Organic Lawn Care Supplies Oregon City OR

Local resource for organic lawn care supplies in Oregon City, OR. Includes detailed information on local businesses that provide access to reel lawn mowers, organic crabgrass killers, organic weed killers, organic garden booster, as well as advice and content on organic lawn care guide.

Serres Greenhouses
(503) 655-0938
14620 S Forsythe Road
Oregon City , OR
Products / Services
Annuals, Greenhouse Growers, Perennials, Plants

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Canby Farm Garden & Pet
(503) 266-2044
PO Box 1068 23300 South Hwy 99 East
Canby, OR
Products / Services
Annuals, Aquatics, Arrangement Accessories, Bird Baths, Bird Feeders, Bird Houses / Nest Boxes, Bulbs, Cactus / Succulent, Cards & Envelopes, Ceramic, Terra Cotta & Stone Containers, Chemicals, Clothing, Collectables & Figurines, Conifers / Evergreens, Container / Barrel Water Garden Kits, Containers, Containers - Decorative, Control Release Fertilizers, Crop Protection, Decorative Planters & Urns, Display Structures, Educational Books & Tapes, Ferns, Fertilizers, Fish / Koi, Fish Food, Fish …

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Larsen Farm Nursery
(503) 638-8600
25935 SW Stafford Rd
Wilsonville, OR
Products / Services
Annuals, Aquatics, Arrangement Accessories, Bulbs, Chemicals, Christmas Ornaments & Decorations, Conifers / Evergreens, Crop Protection, Fertilizers, Fountains - Decorative, Furniture / Structures, Garden Antiques, Garden Center Marketing, Garden Centers / Nurseries, Garden Ornaments, Gifts & Accents, Giftware, Groundcovers, Herbicides, Herbs, Holiday Items, Home Decor, Home Furnishings, Horticulture Companies, Insecticide, Integrated Pest Management (IPM), Mulch, Natural Pesticide, Organic F…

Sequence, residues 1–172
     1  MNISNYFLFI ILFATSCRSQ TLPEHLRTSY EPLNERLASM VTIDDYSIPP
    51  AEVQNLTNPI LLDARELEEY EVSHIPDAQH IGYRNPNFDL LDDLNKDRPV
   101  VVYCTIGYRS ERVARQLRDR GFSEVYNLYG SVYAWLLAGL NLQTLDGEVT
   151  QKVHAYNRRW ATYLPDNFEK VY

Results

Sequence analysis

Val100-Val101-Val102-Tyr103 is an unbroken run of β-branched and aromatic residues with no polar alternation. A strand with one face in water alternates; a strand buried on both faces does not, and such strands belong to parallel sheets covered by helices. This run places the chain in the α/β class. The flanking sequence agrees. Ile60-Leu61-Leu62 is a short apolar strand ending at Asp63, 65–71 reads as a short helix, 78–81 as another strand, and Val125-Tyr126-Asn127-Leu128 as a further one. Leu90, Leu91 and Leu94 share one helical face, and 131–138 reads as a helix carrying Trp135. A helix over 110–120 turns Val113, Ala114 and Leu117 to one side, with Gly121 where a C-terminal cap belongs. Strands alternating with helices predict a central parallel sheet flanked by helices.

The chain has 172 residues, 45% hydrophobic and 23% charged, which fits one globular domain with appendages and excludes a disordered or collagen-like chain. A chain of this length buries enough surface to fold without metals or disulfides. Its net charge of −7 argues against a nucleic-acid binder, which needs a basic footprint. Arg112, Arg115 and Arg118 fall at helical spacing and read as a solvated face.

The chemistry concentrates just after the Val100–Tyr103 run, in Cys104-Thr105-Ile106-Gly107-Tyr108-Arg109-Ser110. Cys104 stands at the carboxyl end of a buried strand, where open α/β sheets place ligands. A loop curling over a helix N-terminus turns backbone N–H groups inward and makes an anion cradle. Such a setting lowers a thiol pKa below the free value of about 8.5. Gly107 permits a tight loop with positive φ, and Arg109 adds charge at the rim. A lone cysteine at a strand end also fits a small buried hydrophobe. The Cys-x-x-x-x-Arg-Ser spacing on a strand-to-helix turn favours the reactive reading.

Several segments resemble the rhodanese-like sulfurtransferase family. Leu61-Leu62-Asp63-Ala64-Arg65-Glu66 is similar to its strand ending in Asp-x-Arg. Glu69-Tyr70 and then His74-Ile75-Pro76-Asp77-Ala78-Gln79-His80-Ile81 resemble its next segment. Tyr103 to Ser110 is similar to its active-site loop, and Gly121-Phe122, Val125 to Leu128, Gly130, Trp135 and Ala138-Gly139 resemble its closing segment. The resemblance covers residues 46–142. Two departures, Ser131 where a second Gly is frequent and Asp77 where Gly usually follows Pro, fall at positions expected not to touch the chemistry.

Data Provided by:
The Garden Corner
(503) 885-1934
21550 SW 108th Ave
Tualatin, OR
Products / Services
Annuals, Aquatics, Bulbs, Chemicals, Clothing, Crop Protection, Garden Center Marketing, Garden Centers / Nurseries, Garden Ornaments, Gardening Gloves, Gloves, Greenhouse Growers, Groundcovers, Horticulture Companies, Mulch, Ornamental Grasses, Perennials, Pest Control Supplies, Plants, Roses, Seeds, Shrubs, Statues / Sculptures, Trees, Vines

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Wilsonville Garden Center
(503) 682-9507
27755 SW Parkway Ave
Wilsonville, OR
Products / Services
Annuals, Aquatics, Arrangement Accessories, Bird Feeders, Bulbs, Chemicals, Christmas Ornaments & Decorations, Collectables & Figurines, Conifers / Evergreens, Crop Protection, Fertilizers, Florist, Furniture / Structures, Garden Center Marketing, Garden Centers / Nurseries, Garden Ornaments, Gifts & Accents, Giftware, Groundcovers, Hand Tools, Holiday Items, Home Furnishings, Horticulture Companies, Houseplants, Integrated Pest Management (IPM), Mulch, Natural Pesticide, Organic Fertilizers,…

Data Provided by:
Evans Landscape Co
(503) 632-3475
22289 S Molalla Ave # 213
Oregon City, OR
Products / Services
Annuals, Aquatics, Chemicals, Groundcovers, Horticulture Companies, Landscape Contractors, Landscaping Services, Mulch, Perennials, Roses, Shrubs, Trees, Vines

Data Provided by:
Lake Grove Garden Center
(503) 636-2414
15955 Boones Ferry Road
Lake Oswego, OR
Products / Services
Annuals, Arrangement Accessories, Bird Feeders, Bulbs, Chemicals, Christmas Lighting, Christmas Ornaments & Decorations, Conifers / Evergreens, Crop Protection, Equipment - Rental, Florist, Furniture / Structures, Garden Center Marketing, Garden Centers / Nurseries, Garden Ornaments, Giftware, Groundcovers, Home Furnishings, Horticulture Companies, Houseplants, Mulch, Outdoor Furniture, Perennials, Pest Control Supplies, Plants, Pond Filters, Pond Liners, Pumps, Roses, Seed, Seeds, Shrubs, Tr…